By Keith Yatsuhashi
The kids are back in school. The days are shortening, the air is crisping, and Halloween decorations cover neighborhood houses. You all know what that means, right? It means another NaNoWriMo is almost here. As writers everywhere gear up for a month of excitement, creativity, and goal setting, I thought I’d spend a moment talking about how I ended up writing. For some, writing is something we feel or something we think. But is it a calling or a decision? Maybe it’s a little bit of both. Some people are born story-tellers. Others need to work at it. I’m the latter. Oh, sure, I always wanted to write, but I found the idea of completing a whole book daunting. It’s scary, committing to writing close to a hundred thousand words. The very idea stopped me cold.
Why did I do it then? I guess I did it because I had a story inside me that I wanted to get out. I imagine it’s the same for you. You picture your story. You play its scenes in your head like your watching a movie.
That’s how it was for me at least. One minute I was reading Robert Jordan’s The Wheel of Time, the next my mind had wandered off into its own fantasy. It happened with other books too, or when I was listening to music. Songs became a soundtrack, the pictures became a story. They bubbled along for months and months. I wasn’t a writer in search of a topic, I had the story. I just didn’t have the skill to tell it. I wrote the book anyway.
It felt great; I felt as if I had accomplished something.
And then I went back to see what I had written. I’m sure you all know this part, the part when you’re so in love with your work that you have no idea how many flaws it has. You’re blind, too invested to review it with one ounce of objectivity. I didn’t know anything about beta readers or writers groups. I didn’t know what I didn’t know. I thought I’d done enough, that the story was good enough. As it turned out, the story was good enough. The writing wasn’t.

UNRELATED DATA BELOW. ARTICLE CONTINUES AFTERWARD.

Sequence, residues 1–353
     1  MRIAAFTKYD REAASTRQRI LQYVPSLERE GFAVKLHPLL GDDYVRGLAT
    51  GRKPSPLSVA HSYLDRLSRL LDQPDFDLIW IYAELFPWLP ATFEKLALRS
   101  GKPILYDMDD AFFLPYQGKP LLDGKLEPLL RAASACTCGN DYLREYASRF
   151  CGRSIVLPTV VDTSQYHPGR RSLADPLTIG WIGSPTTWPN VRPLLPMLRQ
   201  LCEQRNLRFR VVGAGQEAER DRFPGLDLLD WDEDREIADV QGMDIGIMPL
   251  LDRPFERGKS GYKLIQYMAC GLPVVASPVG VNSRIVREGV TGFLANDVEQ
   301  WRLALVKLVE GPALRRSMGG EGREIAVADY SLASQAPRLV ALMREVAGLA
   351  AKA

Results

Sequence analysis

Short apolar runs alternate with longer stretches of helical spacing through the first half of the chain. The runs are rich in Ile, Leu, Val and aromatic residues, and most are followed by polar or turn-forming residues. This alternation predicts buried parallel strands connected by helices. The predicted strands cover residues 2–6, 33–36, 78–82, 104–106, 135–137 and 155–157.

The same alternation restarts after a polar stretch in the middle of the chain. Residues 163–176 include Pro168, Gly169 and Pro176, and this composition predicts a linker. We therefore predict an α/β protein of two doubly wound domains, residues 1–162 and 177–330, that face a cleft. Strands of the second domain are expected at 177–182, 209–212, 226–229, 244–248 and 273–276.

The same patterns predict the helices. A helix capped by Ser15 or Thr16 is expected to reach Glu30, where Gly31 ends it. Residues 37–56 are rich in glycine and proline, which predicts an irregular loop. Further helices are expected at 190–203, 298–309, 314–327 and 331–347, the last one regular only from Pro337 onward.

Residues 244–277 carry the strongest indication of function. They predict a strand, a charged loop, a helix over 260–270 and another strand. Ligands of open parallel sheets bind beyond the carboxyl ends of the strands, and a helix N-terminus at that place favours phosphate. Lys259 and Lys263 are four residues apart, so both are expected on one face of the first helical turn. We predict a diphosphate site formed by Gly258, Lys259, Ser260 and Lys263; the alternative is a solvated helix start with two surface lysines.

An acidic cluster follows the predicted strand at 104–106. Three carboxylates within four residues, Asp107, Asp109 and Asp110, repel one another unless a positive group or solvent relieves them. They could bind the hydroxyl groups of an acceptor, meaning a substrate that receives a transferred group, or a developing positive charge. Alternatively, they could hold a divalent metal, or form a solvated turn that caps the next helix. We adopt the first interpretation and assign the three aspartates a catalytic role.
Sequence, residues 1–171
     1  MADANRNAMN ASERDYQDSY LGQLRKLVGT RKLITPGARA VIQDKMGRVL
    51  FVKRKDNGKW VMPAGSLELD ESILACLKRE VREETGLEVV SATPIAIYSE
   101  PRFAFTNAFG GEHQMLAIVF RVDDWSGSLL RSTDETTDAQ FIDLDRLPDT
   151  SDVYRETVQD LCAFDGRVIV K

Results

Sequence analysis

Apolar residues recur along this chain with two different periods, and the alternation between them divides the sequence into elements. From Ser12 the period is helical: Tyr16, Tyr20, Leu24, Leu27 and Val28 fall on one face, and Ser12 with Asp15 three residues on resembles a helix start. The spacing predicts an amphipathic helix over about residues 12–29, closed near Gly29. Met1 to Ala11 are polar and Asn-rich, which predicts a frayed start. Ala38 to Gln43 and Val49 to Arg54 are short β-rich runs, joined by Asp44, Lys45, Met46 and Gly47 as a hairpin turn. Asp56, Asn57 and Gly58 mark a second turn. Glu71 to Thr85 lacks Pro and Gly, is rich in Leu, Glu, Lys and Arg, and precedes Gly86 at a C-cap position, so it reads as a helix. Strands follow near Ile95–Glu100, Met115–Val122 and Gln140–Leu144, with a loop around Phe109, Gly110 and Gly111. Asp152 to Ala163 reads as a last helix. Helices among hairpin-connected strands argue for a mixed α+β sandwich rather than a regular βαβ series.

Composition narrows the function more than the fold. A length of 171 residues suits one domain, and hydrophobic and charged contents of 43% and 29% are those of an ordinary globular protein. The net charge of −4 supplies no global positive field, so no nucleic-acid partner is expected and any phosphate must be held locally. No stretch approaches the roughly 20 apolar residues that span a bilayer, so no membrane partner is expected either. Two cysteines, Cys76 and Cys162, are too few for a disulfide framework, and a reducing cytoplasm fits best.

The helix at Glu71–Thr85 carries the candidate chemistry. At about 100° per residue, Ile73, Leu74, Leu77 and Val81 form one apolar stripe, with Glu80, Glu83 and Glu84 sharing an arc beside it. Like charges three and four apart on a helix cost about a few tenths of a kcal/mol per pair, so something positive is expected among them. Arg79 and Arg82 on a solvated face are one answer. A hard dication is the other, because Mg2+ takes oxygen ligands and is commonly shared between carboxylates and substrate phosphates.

I learned that the hard way. Through submission. Through the inevitable rejections. Rookie that I was, I couldn’t believe it when those started coming in. Not that I let them deter me. Far from it. Instead, I went back and reworked the manuscript from start to finish. I did a good job this time and the next round of submissions garnered requests for the full manuscript from several agents.
So, when more rejections came, I realized I needed help. I decided to hire an independent editor. At a writer’s conference, I found a flier for Free-Expressions.com and contacted the owner, Lorin Oberweger. I would encourage any new writer to find a professional editor. Lorin was invaluable to me. She became as much an editor as teacher and mentor. She went far beyond our contract; she worked me through every mistake – and there were many. She taught me how to submit, how to write a synopsis. How to critically evaluate my work.
Being a writer isn’t just about writing. It’s about writing and editing, patience and perseverance. It’s about learning publishing as a business so you can submit to agents and publishers and look professional while doing it. Each step is important, and the journey to reach the first step can be long. It was worth it. A few years ago, I was lucky enough to receive an offer for representation from the phenomenal Laura Zats at Red Sofa Literary. My first two books, Kojiki and Kokoro, are available now from Angry Robot Books. I’m very grateful to Lorin for bringing me this far, and to Laura for taking a chance on me